Sugar has been labelled the "new tobacco" by scientists concerned by just how much of it we are now consuming, reports the New Zealand Herald in the lead-up to today's FIZZ symposium in Auckland.
Fighting Sugar in Soft Drinks (FIZZ) founder Dr Gerhard Sundborn said the harm sugar, especially sugary drinks, posed to health was in line with the harm tobacco presented to the population many years ago.
"The cost and the burdens of obesity have overtaken the burden that tobacco and smoking present because of the huge epidemic and the consequences of obesity like type 2 diabetes, gout, cardiovascular disease and caries (cavities)."
Speaking ahead of today's FIZZ symposium, Taxing Sugary Drinks, Sunburn said getting people to stop drinking sugary drinks needed to be treated with the same urgency as smoking cessation.
"A huge amount of money and effort has gone into tobacco control over the last 20-30 years. I think the same thing needs to happen, and probably even more so now, for sugar and sugary drinks."
Sundborn said sugary drinks were the single biggest contributor of sugar to people's diets, making up about 26 per cent of the sugar intake of children and about 20 per cent for adults.
Because of that, he believed a tax on sugary drinks was needed in New Zealand.
"By targeting that one product you're targeting the biggest contributor of sugar."
Auckland University's Dr Simon Thornley, a member of the New Zealand Beverage Guidance Council set up by FIZZ, said the group had looked at the research and concluded a tax on sugary drinks would help reduce the purchase of them.
The panel believed a tax of between 50 cents and $1 per litre would have a big enough impact to make a difference, he said.
Thornley too compared sugar's harmful effects to tobacco saying it was hard to convince people it was a killer.
"I firmly believe that sugar is addictive, that people get used to a higher level of intake then they get withdrawal symptoms and it's difficult for them to come off it and that's what you see with tobacco."
University of Colorado Professor Richard Johnson, a keynote speaker, agreed.
Not only was sugar an addictive substance which had serious health effects when consumed in large quantities, but he believed the sugar industry had tried to create doubt about its health effects in the same way the tobacco industry did.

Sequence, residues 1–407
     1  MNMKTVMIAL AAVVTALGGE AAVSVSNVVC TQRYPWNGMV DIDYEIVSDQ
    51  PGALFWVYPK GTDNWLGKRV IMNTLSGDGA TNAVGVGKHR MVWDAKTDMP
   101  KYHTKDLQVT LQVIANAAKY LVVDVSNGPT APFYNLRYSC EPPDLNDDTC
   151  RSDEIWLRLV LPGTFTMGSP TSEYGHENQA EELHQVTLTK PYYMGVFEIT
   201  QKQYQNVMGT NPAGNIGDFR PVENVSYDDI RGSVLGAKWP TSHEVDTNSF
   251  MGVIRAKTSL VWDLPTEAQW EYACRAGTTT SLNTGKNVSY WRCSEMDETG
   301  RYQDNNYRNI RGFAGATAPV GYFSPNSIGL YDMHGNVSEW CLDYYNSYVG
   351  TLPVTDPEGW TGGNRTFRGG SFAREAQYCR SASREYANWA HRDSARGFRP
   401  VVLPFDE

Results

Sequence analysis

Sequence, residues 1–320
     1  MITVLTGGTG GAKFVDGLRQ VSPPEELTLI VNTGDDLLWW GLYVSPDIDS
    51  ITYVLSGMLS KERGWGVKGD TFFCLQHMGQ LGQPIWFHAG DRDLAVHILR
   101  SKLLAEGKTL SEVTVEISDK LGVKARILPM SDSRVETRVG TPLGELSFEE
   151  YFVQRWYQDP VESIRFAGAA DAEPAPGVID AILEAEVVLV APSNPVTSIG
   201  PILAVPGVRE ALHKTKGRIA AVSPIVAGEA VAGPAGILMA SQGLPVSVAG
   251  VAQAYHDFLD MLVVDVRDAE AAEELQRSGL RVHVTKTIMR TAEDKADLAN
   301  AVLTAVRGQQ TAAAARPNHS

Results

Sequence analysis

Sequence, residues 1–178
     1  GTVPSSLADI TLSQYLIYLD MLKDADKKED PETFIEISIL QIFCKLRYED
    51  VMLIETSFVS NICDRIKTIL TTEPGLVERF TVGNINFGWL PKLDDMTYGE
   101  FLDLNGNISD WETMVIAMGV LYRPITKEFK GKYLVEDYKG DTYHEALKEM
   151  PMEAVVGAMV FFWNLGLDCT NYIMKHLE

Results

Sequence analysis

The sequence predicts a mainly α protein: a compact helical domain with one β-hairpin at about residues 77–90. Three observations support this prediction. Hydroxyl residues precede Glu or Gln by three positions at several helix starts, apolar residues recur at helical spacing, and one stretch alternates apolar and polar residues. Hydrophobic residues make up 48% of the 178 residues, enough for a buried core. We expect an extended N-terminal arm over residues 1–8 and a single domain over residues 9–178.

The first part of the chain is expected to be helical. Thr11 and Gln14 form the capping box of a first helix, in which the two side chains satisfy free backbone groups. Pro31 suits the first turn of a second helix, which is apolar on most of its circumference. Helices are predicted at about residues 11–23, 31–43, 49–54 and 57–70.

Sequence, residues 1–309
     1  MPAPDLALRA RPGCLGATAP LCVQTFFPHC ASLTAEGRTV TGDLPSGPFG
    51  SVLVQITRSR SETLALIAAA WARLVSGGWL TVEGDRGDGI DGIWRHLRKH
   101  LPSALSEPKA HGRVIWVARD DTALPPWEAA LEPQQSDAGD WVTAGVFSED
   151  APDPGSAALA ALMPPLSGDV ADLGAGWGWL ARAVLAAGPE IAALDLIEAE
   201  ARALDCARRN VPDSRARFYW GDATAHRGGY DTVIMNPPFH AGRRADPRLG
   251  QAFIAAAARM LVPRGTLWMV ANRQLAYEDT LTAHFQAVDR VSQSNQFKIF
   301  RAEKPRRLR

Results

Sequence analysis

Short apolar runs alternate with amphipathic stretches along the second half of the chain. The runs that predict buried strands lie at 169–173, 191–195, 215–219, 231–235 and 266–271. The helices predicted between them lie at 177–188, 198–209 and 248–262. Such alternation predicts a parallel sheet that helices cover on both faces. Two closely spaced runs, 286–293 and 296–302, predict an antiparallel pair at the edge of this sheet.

Despite some assertions, sugar was not an empty calorie but had biological actions, he said. When sugar was metabolised it caused an organism to eat more and exercise less.
He agreed a sugar tax was an effective way of reducing people's intake.
University of California Berkley Associate Professor Kristine Madsen, who will speak at the symposium via video link, was senior study author for a project which monitored the impact of a sugary drinks tax introduced in Berkeley in March 2015.
The study showed a 21 per cent drop in the drinking of sugary beverages in the city's low-income neighbourhoods after the penny-per-ounce tax was imposed.
Coca-Cola Oceania general manager Sandhya Pillay said sugar and tobacco were entirely different because tobacco was harmful when consumed at any level but sugar was fine in moderation.
She said the company opposed a "discriminatory sugary drink tax" because current analysis indicated it had "no measurable impact on reducing obesity".
Coca-Cola had been actively promoting the new Coca-Cola No Sugar and a third of sales in New Zealand were now low or no sugar, she said.
Health Minister Dr Jonathan Coleman said the party's position on sugar tax hadn't changed and was not something being considered.
"We are continuing to keep a watching brief on the emerging evidence and practice. There's no single solution that will fix obesity. That's why we've implemented a Childhood Obesity Plan."
The day-long symposium will end with a political panel discussing a sugary drink tax.
This article was originally published in fellow NZME publication the New Zealand Herald and can be read here